East Meets West at a Japanese Baby Shower

Baby showers are not traditional in the Japanese custom, since they do not want to tempt the fates by celebrating before the baby is born. So, if you're thinking of throwing a Japanese baby shower for a friend of Japanese descent, ask first if she's more comfortable having the baby shower before or a month or two after the delivery. In any case, a really “kawaii” Japanese baby shower is a terrific theme for anyone that loves Japan.

You could look for some plain cards with a Japanese print or photograph, or look is some of the Asian stores for little printed cards. A great substitute would be to use origami papers that come in those terrific designs that look like finely embroidered silk. Write out your invitation at the back of the paper and fold it up in a pretty origami figure.

You could choose to transform your party area into a Japanese garden, a tea house, or a Zen space. Choose a base of neutrals and accent it with bursts of bright colors like pink, red, aqua, or bright green. Keep it simple, remember the Japanese are masters of understatements. An easy centerpiece for the tables would be a single Japanese bonsai or an open fan highlighted with one or three camellia or gardenia blossoms. You could use paper cherry blossoms, if you can find them.

The food table should be decorated with a simple ikebana arrangement or even just a little tabletop waterfall. If you can find a Japanese doll, create a little vignette with a bonsai and a few paper umbrellas. Serve the food on stone slabs, wooden trays, or sushi “boats” if you can get them. Don't stick with just round plates; use a variety of shapes to add interest to the table.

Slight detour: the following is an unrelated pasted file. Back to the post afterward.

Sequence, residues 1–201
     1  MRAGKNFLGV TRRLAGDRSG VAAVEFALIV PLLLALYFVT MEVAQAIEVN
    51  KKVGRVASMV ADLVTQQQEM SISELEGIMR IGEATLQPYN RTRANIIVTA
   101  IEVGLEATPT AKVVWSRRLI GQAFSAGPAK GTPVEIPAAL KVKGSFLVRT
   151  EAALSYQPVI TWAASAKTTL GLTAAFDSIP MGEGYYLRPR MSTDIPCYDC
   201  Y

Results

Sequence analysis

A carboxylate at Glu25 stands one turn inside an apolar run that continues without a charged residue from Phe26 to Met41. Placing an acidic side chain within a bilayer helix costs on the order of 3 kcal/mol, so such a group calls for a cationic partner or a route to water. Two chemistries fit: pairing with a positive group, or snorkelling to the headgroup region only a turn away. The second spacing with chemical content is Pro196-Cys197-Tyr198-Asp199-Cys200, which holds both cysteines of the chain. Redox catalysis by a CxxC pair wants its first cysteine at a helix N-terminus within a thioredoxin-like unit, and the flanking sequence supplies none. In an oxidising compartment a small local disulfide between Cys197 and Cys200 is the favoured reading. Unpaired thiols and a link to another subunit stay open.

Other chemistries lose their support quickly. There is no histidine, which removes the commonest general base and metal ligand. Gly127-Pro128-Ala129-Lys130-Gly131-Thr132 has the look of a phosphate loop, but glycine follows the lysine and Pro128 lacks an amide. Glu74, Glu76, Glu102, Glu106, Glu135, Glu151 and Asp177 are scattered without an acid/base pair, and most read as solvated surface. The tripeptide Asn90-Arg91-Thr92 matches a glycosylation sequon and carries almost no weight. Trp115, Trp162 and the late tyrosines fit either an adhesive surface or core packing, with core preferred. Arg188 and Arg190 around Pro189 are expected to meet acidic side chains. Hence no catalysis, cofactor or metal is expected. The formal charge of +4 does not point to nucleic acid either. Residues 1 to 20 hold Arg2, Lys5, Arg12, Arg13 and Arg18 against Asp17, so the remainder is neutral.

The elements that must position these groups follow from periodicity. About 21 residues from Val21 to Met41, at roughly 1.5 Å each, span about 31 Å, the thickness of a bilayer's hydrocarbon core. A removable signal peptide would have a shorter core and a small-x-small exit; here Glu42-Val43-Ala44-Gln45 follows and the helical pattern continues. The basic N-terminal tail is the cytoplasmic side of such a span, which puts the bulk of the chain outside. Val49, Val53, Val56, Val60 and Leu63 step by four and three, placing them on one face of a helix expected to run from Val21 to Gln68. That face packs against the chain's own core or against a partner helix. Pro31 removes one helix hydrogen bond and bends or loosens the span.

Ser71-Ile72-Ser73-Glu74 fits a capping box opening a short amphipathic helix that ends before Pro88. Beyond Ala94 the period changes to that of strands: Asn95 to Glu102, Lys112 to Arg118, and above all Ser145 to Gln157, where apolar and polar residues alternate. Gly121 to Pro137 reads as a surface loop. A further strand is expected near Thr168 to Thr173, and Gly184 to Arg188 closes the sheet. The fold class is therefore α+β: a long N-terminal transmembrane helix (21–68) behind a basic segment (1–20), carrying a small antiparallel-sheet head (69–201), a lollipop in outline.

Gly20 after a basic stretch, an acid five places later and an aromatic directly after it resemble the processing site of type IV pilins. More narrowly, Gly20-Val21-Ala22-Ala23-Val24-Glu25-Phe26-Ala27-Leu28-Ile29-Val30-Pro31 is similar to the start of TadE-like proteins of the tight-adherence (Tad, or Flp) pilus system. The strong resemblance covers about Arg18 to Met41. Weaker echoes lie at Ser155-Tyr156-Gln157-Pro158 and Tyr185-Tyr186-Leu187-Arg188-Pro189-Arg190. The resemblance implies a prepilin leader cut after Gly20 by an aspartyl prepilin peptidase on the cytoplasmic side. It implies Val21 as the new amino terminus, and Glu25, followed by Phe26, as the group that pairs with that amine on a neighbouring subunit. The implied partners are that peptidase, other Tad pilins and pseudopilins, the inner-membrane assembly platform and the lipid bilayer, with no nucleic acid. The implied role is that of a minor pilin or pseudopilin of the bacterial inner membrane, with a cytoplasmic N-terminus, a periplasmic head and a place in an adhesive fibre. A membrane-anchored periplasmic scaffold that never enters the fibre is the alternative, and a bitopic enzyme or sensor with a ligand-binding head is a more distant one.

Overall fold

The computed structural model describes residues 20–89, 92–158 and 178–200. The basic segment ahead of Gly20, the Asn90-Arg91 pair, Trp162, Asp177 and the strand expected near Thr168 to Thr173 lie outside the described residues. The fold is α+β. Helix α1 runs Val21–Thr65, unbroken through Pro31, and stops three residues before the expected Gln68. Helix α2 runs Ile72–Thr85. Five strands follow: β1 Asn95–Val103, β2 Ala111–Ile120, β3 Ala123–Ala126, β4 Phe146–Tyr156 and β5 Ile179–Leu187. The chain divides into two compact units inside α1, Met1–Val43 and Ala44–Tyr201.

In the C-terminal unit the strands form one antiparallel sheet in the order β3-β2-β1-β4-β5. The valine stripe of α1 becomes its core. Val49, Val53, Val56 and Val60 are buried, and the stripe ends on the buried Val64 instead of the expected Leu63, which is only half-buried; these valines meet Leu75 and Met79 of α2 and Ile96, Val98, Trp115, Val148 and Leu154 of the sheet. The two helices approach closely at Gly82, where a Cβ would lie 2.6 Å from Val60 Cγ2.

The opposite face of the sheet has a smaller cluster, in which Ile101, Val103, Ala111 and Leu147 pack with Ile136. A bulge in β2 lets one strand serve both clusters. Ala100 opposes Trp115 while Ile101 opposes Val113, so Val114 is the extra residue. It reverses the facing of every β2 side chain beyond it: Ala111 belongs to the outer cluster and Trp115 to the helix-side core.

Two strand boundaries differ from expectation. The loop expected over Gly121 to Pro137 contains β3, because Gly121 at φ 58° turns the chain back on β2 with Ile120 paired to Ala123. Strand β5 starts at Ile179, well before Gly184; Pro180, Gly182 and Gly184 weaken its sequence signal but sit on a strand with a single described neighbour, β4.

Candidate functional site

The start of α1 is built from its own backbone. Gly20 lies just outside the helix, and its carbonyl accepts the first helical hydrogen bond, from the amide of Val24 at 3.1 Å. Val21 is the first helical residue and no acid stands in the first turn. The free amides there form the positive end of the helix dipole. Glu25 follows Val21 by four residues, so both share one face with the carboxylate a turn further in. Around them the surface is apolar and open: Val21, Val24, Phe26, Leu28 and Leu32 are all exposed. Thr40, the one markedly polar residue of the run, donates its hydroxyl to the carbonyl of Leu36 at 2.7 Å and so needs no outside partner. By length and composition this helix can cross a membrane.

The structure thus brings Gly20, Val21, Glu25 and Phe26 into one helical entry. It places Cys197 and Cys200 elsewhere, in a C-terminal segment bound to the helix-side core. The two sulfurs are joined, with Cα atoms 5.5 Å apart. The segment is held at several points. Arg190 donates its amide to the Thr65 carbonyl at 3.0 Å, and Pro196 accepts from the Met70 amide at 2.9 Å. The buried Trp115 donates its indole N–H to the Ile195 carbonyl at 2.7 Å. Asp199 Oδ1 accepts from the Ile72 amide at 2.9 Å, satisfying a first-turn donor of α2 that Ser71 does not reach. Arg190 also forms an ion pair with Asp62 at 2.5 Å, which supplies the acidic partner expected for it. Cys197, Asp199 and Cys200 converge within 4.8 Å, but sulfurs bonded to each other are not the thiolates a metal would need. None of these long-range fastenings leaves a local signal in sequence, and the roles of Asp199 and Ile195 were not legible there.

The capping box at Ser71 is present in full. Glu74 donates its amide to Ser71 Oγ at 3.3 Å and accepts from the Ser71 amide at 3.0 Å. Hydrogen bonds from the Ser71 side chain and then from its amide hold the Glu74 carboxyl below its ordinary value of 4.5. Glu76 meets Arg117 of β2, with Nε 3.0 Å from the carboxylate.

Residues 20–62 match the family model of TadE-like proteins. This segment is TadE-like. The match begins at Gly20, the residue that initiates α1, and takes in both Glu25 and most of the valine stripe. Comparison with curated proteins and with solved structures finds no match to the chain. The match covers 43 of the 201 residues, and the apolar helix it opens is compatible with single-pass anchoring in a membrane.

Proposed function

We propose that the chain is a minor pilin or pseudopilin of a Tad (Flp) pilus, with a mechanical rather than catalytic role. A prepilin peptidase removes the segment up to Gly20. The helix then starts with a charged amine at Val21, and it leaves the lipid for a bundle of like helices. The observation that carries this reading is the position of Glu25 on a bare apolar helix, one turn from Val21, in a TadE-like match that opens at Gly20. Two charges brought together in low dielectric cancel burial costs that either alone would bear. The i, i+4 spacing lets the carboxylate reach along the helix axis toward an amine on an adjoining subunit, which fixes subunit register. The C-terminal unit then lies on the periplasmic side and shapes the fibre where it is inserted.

You've got a lot of choices with the food. You could go all-out Japanese and arrange a ”make your own sushi” area. Set out all the ingredients for making sushi – nori squares, little balls of rice (keep your hands wet when forming these!), and a selection of fillings like cucumber sticks, mango or peach strips, kani (crab) sticks, omelet strips, sticks of yellow takuan (radish) pickles, and even strips of ham, if you want. You shouldn't prepare anything raw for this baby shower.

You could also serve ramen or udon noodles, a selection of tempura (order this if you can), and Pocky sticks for dessert. Sweets are not common to Japanese meals so you could end this with plenty of fresh and dried Asian fruits. Green tea should be the beverage of choice.

As for traditional games, the most fun (and easiest) would probably be karaoke! Give lots of prizes here, from the best singer/performer, to the most out of tune, funniest, softest, etc. Come up with the most categories possible. Everyone should win something here.

Favors could be a selection of Japanese snacks like savory rice crackers, wasabi potato chips, and salty-sweet dried fish. Or, a few travel-sized Japanese toiletries paired with Onsen bath salts packed into a miniature bamboo bucket would be perfect.